Presidential candidate Hillary Clinton’s use of a personal cell phone while Secretary of State is prompting more questions regarding personal emails and her private server.
Non-profit government watchdog Judicial Watch is in a tug-of-war over information from the State Department through a Freedom of Information Act (FOIA) request. So far, the State Department stands by the statement that it did not give Clinton a secured smartphone while she headed the department for five years.
Revelations about Clinton’s personal smartphone came out after Judicial Watch filed a FOIA lawsuit seeking information about Clinton’s former Deputy Chief of Staff Huma Abedin’s employment. The case, Judicial Watch v. U.S. Department of State, was reopened after the FBI began investigating Clinton’s email records kept on her private server.
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There is a court hearing scheduled in Washington, D.C. on Aug. 20 to review the status of the lawsuit. The State Department issued a status report on Aug. 14 and Judicial Watch replied Aug. 17. The department was ordered to file an additional reply by noon on Aug. 19.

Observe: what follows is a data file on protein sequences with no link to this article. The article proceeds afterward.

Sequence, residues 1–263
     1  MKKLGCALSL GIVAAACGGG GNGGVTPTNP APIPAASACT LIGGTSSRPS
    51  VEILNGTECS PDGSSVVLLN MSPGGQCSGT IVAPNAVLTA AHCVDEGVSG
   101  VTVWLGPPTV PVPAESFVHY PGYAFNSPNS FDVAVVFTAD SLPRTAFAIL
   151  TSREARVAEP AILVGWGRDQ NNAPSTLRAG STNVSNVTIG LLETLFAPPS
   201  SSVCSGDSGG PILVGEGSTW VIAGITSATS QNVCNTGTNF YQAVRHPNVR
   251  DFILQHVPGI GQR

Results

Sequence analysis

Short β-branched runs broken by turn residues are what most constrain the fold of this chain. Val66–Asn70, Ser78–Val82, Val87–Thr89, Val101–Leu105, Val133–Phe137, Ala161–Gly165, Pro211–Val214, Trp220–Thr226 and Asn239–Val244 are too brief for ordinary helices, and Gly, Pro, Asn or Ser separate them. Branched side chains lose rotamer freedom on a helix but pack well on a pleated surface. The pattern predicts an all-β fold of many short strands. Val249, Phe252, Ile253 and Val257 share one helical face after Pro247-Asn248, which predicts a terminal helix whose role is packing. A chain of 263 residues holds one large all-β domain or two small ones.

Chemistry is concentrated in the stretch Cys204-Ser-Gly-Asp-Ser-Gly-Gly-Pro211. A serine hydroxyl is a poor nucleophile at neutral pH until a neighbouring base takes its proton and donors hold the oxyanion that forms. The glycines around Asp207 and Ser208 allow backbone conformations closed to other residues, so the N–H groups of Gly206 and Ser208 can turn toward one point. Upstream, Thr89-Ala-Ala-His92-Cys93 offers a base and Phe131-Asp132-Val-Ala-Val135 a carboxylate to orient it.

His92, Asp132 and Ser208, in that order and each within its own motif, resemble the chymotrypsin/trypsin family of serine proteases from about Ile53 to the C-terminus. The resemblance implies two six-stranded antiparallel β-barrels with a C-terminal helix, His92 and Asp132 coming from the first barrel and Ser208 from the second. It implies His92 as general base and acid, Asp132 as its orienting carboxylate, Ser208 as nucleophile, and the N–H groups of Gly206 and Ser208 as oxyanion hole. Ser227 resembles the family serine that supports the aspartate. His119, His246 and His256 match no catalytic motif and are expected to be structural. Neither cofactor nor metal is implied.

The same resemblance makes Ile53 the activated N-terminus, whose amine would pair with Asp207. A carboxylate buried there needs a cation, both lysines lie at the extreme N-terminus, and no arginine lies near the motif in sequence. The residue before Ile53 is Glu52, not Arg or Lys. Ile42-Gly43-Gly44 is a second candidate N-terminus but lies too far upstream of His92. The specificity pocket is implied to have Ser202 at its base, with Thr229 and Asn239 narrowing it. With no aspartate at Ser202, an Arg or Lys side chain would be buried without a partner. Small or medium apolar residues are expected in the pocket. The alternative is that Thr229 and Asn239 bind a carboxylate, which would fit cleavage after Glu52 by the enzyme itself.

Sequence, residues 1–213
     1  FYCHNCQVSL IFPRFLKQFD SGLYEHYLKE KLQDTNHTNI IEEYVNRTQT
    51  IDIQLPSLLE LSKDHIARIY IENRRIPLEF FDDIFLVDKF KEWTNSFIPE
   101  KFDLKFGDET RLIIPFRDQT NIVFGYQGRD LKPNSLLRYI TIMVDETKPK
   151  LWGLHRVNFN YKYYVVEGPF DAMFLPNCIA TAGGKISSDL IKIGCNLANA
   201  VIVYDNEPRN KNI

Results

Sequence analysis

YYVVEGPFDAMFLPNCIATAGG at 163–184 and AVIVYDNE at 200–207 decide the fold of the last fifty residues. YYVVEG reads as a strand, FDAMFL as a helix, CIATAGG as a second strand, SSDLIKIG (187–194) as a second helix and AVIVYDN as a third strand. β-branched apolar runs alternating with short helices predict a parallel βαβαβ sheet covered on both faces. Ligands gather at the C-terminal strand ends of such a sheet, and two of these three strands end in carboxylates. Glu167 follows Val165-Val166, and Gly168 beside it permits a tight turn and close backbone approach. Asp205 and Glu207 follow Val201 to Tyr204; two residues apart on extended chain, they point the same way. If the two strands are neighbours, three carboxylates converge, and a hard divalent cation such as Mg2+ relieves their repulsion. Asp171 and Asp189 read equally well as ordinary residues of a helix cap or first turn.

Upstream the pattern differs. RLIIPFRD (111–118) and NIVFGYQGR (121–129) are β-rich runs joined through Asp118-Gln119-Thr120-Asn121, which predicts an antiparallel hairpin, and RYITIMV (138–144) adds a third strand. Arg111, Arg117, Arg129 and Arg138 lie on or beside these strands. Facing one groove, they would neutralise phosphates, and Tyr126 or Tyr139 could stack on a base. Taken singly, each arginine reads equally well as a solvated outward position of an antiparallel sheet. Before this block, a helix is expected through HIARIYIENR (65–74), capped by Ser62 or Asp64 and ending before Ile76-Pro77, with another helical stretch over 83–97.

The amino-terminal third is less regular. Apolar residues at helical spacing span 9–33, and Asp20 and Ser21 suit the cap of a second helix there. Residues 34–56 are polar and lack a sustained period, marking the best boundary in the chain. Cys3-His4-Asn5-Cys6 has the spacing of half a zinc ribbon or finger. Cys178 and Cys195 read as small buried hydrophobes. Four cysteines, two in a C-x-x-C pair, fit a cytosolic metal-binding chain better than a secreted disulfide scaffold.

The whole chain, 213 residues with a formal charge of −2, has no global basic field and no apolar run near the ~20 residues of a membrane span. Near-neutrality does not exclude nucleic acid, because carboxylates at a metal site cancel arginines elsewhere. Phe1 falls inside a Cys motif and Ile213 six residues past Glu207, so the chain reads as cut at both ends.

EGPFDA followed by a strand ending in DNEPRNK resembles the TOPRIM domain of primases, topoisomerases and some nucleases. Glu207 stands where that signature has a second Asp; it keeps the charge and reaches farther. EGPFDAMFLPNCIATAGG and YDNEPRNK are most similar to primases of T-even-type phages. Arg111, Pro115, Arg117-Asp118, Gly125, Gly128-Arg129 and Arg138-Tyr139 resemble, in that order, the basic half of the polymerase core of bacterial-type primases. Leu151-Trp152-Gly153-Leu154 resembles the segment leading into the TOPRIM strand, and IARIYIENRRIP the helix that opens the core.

“The questions just keep popping up. Every time the State Department tries to justify its stonewalling, one more bit of information arises,” Judicial Watch President Tom Fitton said in a press release. “If the State Department was not providing secure email devices to Mrs. Clinton, who was? Best Buy? Target? Mrs. Clinton clearly did whatever she wanted, without regard to national security or federal records keeping laws.”
The State Department has responded that it gave secured Blackberry devices to others under Clinton’s leadership, including Cheryl Mills and Abedin. Those phones can’t be located and are believed to have been destroyed since they were older models. A department spokesperson said the two women turned in their phones when they left their jobs.
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The department also said Mills and Abedin, along with two other former officials under Clinton, used government email addresses while Clinton did not. The fact that Clinton was using a personal cell phone and did not use a government email address is fueling speculation that more of the government’s business was done on unsecured, personal servers than was first speculated.
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